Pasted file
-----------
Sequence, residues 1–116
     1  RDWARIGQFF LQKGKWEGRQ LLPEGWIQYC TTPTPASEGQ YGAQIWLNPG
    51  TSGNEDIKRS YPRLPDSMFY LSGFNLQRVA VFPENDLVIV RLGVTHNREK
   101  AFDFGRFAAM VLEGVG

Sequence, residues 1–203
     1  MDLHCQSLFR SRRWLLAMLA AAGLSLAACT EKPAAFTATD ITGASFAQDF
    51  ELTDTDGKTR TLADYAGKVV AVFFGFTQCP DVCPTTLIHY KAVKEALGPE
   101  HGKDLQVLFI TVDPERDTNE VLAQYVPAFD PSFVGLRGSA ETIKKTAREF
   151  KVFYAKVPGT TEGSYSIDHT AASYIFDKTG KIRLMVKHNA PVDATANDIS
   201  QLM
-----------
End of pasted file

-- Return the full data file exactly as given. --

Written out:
Sequence, residues 1–116
     1  RDWARIGQFF LQKGKWEGRQ LLPEGWIQYC TTPTPASEGQ YGAQIWLNPG
    51  TSGNEDIKRS YPRLPDSMFY LSGFNLQRVA VFPENDLVIV RLGVTHNREK
   101  AFDFGRFAAM VLEGVG

Sequence, residues 1–203
     1  MDLHCQSLFR SRRWLLAMLA AAGLSLAACT EKPAAFTATD ITGASFAQDF
    51  ELTDTDGKTR TLADYAGKVV AVFFGFTQCP DVCPTTLIHY KAVKEALGPE
   101  HGKDLQVLFI TVDPERDTNE VLAQYVPAFD PSFVGLRGSA ETIKKTAREF
   151  KVFYAKVPGT TEGSYSIDHT AASYIFDKTG KIRLMVKHNA PVDATANDIS
   201  QLM